Thus the worst case for the HDHP is hitting the deductible exactly; once you go over, you would pay more on the standard plan than on the HDHP.
These differences make it very hard to figure out which plan is better till you can look back on the year.
Except that the way the math works out makes it extremely unlikely that the conventional plan comes out ahead; the uncertainty is how much. If you are in the 12% bracket in a no-tax state, the net benefit is only $2424, so it is possible that the conventional plan comes out ahead.
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Re: HSA for Dummies

Post by Tdubs » Sat May 18, 2019 6:30 am

grabiner wrote:
Fri May 17, 2019 11:35 pm
Tdubs wrote:
Fri May 17, 2019 11:04 pm
grabiner wrote:
Fri May 17, 2019 9:06 pm
If your employer offers both an HDHP and a non-HDHP, the HSA contribution is an extra employer contribution to the HDHP.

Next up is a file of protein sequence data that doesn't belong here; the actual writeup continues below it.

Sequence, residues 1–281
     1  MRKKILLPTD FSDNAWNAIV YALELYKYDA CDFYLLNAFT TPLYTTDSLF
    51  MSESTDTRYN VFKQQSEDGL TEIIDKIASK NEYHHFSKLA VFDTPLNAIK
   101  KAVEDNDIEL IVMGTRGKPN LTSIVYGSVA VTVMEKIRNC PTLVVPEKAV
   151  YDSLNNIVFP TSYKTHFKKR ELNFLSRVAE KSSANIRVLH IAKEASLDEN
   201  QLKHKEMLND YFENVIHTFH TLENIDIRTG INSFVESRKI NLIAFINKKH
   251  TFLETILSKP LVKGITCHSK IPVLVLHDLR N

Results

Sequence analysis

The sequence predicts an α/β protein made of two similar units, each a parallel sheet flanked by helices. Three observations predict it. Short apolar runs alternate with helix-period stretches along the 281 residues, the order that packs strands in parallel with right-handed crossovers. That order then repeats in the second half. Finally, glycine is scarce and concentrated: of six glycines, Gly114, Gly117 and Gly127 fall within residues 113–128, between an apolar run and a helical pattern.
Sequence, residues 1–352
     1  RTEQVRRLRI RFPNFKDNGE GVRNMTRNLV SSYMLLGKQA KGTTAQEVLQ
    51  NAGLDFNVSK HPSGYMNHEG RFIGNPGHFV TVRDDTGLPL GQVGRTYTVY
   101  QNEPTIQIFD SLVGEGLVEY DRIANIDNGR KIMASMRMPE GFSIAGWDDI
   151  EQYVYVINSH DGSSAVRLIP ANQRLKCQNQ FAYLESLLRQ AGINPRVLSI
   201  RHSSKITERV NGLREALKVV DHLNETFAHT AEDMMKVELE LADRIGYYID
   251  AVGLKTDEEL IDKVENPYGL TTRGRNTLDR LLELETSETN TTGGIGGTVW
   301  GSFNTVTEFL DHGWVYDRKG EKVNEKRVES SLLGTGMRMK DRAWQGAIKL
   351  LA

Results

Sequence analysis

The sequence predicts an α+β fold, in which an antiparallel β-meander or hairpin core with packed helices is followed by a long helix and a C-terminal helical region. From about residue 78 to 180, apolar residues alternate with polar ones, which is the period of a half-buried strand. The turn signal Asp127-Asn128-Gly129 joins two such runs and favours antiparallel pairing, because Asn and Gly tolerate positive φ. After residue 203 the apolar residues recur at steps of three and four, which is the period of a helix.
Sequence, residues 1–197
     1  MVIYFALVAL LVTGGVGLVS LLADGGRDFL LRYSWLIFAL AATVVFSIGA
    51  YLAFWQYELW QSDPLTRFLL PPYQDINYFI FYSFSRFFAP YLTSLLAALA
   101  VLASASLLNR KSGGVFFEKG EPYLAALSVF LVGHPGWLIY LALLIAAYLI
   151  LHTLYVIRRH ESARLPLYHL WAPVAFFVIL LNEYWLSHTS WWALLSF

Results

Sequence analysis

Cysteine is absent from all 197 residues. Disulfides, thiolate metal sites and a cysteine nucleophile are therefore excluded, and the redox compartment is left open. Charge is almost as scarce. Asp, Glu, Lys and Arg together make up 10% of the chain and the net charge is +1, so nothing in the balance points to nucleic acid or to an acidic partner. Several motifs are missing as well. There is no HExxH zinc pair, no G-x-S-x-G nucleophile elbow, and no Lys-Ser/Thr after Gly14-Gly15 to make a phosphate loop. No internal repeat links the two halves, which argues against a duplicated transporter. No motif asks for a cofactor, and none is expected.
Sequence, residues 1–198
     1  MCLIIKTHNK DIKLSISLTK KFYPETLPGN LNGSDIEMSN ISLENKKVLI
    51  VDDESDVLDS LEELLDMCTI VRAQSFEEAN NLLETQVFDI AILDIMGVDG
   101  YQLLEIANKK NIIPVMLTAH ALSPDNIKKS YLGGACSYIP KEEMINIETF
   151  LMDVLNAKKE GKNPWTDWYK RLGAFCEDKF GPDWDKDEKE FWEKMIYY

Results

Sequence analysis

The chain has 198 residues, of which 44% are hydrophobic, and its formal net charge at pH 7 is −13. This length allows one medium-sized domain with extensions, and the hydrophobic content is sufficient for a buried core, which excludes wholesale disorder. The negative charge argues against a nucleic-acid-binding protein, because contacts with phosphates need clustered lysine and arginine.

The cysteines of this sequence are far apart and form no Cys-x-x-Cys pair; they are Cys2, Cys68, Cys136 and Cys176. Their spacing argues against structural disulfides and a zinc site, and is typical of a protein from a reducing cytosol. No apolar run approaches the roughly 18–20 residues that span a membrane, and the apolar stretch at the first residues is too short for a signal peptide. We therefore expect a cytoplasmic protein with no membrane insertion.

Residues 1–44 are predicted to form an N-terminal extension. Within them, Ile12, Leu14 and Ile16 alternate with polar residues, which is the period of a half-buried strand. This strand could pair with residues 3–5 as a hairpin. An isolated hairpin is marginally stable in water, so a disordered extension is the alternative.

The US Government plans work this way. The Government pays 75% of the cost of most health plans, but the HDHPs also make a contribution to the HSA for you, which makes the HDHPs particularly attractive. (The 75% subsidy means that the plan premium is $1500 more if it contributes $1500 to your HSA, but you only pay $375 of that cost.) I worked out that for a typical government employee, an HDHP is better than a conventional plan even if you use the entire HDHP deductible and would have paid nothing under the conventional plan.
The government HDHP plan is good, but it isn't quite this good. It is very hard to know if the HDHP option is best till the end of the year. Take the GEHA standard and HDHP plans for federal employees. The premiums are almost identical for a family (HDHP is about $50 less per year). The deductible for the standard plan is $700 and $3000 for the HDHP with $1800 as a GEHA contribution to the HSA. But the standard plan has two advantages--$20 copay on all office visits from day 1 of a new year. You pay the full office visit price in the HDHP till you hit the deductible. They give you $1800 with one hand and take it away in office visits with the other. So, a medical cost comparison of the plans during the deductible period isn't apples to apples.